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Is Omega-6 More Important Than Omega-3?

May 12, 2009 | 112,304 views
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According to a very "about-face" recommendation by the American Heart Association, Americans should not reduce their consumption of omega-6 fats -- and might even benefit from eating a little more.

Omega-6 and omega-3 fats are "essential fats" that your body can't produce and must obtain from food. These fatty acids play a very important role in heart and brain function, along with normal growth and development.
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Most omega-6 polyunsaturated fatty acids (PUFAs) in the diet come from linoleic acid, found in vegetable oils such as corn oil. There are no firm recommendations on how much omega-6 PUFAs people need, but at present U.S. adults consume about 15 grams per day of linoleic acid. But according to the Institute of Medicine, 17 grams per day and 12 grams a day are adequate for men and women, respectively.

Questions have been raised about whether omega-6 PUFAs might harm the heart by promoting inflammation, because these fatty acids are the building blocks of several types of inflammatory molecules. But some very compelling scientific evidence based on biochemistry and physiology show omega-6 fatty acids actually reduce inflammation, and they also have well-documented effects in lowering cholesterol levels.
 

Dr. Mercola's Comments:

AHA researchers argue that eating less omega-6 has "conceptual and biological limitations, especially if it leads to people cutting their consumption of omega-6 fats rather than increasing their omega-3 intake.”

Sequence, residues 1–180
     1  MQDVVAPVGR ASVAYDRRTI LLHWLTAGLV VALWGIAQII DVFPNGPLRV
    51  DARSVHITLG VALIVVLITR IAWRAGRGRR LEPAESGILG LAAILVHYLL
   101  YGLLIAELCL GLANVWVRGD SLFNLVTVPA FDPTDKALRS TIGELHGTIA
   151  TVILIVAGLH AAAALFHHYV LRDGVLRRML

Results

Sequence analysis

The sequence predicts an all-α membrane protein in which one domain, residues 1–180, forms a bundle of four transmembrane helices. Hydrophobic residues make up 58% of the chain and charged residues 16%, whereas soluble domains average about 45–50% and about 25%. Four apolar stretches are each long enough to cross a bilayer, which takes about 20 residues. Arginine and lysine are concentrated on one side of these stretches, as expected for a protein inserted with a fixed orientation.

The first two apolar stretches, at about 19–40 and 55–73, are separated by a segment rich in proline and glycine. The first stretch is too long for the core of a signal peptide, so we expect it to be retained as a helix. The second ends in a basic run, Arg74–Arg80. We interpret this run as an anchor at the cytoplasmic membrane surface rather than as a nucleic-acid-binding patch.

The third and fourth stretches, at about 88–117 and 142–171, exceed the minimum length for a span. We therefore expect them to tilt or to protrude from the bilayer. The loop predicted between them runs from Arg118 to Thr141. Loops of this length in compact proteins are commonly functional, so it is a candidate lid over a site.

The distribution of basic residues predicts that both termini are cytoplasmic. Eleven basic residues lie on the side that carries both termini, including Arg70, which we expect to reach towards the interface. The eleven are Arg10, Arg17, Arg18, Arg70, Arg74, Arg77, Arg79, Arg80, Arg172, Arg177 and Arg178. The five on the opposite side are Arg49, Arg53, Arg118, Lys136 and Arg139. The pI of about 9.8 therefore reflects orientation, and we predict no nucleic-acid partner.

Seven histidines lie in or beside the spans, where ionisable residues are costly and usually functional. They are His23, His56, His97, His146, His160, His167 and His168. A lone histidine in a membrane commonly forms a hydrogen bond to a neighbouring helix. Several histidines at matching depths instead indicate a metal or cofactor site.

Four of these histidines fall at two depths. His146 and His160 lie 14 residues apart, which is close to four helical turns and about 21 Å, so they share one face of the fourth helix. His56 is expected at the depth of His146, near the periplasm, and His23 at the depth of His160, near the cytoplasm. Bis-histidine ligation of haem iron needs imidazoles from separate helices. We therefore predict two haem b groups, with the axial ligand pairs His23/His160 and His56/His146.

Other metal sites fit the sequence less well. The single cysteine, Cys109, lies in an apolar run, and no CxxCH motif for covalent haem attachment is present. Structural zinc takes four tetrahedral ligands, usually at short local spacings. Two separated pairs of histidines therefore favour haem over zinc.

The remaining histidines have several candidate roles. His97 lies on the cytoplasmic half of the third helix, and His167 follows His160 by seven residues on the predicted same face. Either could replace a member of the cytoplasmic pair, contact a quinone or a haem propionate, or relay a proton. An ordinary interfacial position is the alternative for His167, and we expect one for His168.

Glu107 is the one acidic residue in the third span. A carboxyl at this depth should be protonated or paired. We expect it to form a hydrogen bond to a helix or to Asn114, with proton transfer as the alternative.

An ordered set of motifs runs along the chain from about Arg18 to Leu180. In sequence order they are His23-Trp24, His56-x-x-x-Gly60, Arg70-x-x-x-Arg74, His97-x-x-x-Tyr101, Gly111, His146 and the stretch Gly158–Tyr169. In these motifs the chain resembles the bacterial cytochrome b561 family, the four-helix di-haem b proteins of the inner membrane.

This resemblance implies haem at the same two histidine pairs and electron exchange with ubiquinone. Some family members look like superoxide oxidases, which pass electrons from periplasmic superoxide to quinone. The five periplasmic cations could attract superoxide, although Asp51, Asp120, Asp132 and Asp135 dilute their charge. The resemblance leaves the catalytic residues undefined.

For many years I have long advocated increasing your omega-3 intake by supplementing with a high quality animal-based supplement like krill oil, however I presented at the American Academy of Anti Aging in Orlando last month and heard a lecture by Life-Systems Engineering Scientist Brian Peskin that really emphasized these concepts, which are really in conflict with my previous understanding of fatty acid physiology.

So I had dinner with Brian and read his book, "The Hidden Story of Cancer", and believe that there are strong compelling elements of science to his research. I am currently in the process of investigating and validating his claims.

I have long stated that we need to decrease our total intake of omega-6 fats, but Brian’s work got to rethink some of my positions on this topic. There is no question you need to eliminate MUCH of the omega-6 fats in your diet, but these are the processed fats that have been refined and heated and become virtually useless, and even worse, very harmful.

Brian’s theory is that we should have about equal or twice as many parent omega-6 fats as parent omega-3 fats. So that would be LA and ALA. This is still a relatively small amount of oil, and only amounts to about 3 grams or four 750 mg capsules per day for a 150 pound adult.

The central element to make this method even more successful though would be to make sure you virtually eliminate ALL processed fats. Since 90 percent of the money Americans spend on food is for processed foods, this is a real challenge. However it remains a noble goal.